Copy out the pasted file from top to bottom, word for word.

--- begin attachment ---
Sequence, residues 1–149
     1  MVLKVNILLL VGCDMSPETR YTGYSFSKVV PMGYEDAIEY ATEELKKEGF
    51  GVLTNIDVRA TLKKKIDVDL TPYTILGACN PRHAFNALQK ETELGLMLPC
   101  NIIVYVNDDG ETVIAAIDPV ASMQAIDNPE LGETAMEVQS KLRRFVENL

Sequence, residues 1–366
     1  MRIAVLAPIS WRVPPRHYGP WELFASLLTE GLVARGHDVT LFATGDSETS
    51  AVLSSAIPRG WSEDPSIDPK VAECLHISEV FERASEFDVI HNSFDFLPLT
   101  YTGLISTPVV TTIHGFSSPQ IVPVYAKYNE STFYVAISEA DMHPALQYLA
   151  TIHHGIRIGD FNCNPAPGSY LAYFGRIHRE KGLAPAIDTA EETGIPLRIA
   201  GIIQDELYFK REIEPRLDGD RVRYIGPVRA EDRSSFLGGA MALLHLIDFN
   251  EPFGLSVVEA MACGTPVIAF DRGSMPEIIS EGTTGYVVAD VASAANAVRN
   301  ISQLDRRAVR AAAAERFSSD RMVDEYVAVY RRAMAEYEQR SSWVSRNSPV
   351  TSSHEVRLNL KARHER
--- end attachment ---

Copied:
Sequence, residues 1–149
     1  MVLKVNILLL VGCDMSPETR YTGYSFSKVV PMGYEDAIEY ATEELKKEGF
    51  GVLTNIDVRA TLKKKIDVDL TPYTILGACN PRHAFNALQK ETELGLMLPC
   101  NIIVYVNDDG ETVIAAIDPV ASMQAIDNPE LGETAMEVQS KLRRFVENL

Sequence, residues 1–366
     1  MRIAVLAPIS WRVPPRHYGP WELFASLLTE GLVARGHDVT LFATGDSETS
    51  AVLSSAIPRG WSEDPSIDPK VAECLHISEV FERASEFDVI HNSFDFLPLT
   101  YTGLISTPVV TTIHGFSSPQ IVPVYAKYNE STFYVAISEA DMHPALQYLA
   151  TIHHGIRIGD FNCNPAPGSY LAYFGRIHRE KGLAPAIDTA EETGIPLRIA
   201  GIIQDELYFK REIEPRLDGD RVRYIGPVRA EDRSSFLGGA MALLHLIDFN
   251  EPFGLSVVEA MACGTPVIAF DRGSMPEIIS EGTTGYVVAD VASAANAVRN
   301  ISQLDRRAVR AAAAERFSSD RMVDEYVAVY RRAMAEYEQR SSWVSRNSPV
   351  TSSHEVRLNL KARHER